While, broadly speaking, nature is a dominant theme in Romantic poetry, it is more important to examine what these poets are saying about nature and how they use it. Romantic philosophy was a response to the Enlightenment and Rationalism and the scientific and technological advances it brought. Romantics believed that logic and reason could no longer solve life's problems and, in fact, were creating more. As such, Romantics sought to restore man's relationship with nature. They saw nature as something pure and uncorrupted and, therefore, almost spiritual. Most Romantics believed that humans were born pure and good and that society corrupted. Nature, therefore, became a symbol of life without society, a truly good life. Nature becomes a place where one can go to reflect and comtemplate the many questions of life, a place where one can find solace and happiness in its purity. While most Romantic poets do write about nature, some also write about life in the city. However, these poems tend to be much more dark and emphasize the idea that society corrupts.
For an illustration of these ideas consider Wordsworth's "The World Is Too Much With Us in It." Throughout this poem he seems to be chastising mankind for losing their connection with nature and becoming much more caught-up in things like consumerism. He ultimately rejects such a society in favor of a much more simple past culture (Ancient Greece), where nature is appreciated and celebrated. Also consider Keats's "When I Have Fears that I May Cease to Be." Throughout this poem Keats lists the various worldy fears he has, using references and comparisons to nature, ultimately to state that when he experiences such anxiety all he must do is go out into nature and think until all of these fears "to nothingness do sink."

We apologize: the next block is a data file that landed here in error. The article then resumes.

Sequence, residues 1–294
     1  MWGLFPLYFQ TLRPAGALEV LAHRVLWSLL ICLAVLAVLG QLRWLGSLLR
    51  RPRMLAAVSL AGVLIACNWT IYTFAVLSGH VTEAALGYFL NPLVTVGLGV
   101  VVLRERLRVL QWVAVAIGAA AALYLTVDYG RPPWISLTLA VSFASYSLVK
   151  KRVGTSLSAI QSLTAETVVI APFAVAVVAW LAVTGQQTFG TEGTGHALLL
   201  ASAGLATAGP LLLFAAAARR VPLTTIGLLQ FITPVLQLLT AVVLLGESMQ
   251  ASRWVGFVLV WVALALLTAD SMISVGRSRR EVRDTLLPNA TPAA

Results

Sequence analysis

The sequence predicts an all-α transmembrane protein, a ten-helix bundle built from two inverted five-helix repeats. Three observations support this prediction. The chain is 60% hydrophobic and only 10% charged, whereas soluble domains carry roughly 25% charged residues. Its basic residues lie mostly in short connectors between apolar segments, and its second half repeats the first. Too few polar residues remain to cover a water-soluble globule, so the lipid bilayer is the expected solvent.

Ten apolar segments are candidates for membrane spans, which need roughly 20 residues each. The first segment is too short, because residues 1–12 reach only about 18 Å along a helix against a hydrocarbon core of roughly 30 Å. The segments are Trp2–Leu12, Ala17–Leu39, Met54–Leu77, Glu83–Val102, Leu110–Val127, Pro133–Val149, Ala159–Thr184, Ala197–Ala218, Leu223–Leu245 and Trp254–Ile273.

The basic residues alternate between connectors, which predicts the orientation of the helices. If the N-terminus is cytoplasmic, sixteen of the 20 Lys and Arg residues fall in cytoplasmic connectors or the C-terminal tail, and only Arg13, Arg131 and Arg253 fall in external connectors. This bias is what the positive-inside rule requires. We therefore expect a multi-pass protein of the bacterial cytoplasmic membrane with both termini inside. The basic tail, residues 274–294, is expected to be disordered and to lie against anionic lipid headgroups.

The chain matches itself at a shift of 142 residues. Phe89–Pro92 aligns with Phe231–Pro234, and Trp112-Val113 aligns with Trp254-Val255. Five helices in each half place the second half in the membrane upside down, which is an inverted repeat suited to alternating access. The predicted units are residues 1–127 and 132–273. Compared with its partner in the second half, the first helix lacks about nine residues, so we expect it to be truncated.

Examples like these are abundant in Romantic writing, and I would encourage you to examine the poems you are studying to find examples that connect to these ideas.
For the Romantics, nature was a fairly dominant theme and occupied a very prominent role in the poetry. For these thinkers, nature helped to enhance the individual experience. The exploration of self takes place perfectly when embedded in the natural setting. There is a powerful and potent element to the natural setting in its reverence. The pantheistic view helps to enshrine the role of nature in the Romantic poet. At the same time, the love of nature was almost a response to what the prevailing social order espoused at the time. Neoclassical society was cosmopolitan and conformed life took place in the urban setting. For the Romantic thinker, to break from this into a new realm was liberating and powerful. This is where the love of nature took on both the form of a statement and response.
Ya, Nature was one of the central themes in the discourses of Romanticism. The English Romanticists owed a great deal in this respect to Rousseau's theory of 'noble savage', and his fictional work, New Heloise'. Romanticism, in its urge to break away from the 18th century tradition strongly founded on rationalism and scientism, shouted a slogan of going back to Nature.
Among the pioneers of the Romantic Revival in English poetry, it was Wordsworth who wrote profusely on the subject of Nature. His simple Lucy Poems, more philosophical Tintern Abbey, and largely autobiographical, The Prelde were examples of his poetic naturalism. Coleridge was more inclined to supernaturalise Nature, and his dream-poem, Kubla Khan was a case in point. His Dejection:An Ode examined the Man-Nature relationship in a critical angle. Shelley adopted such elements of Nature as the sky, the clouds & the winds as vehicles of his neo-Platonic philosophy. Keats was primarily a poet of great sensations to explore Nature in his immortal Odes.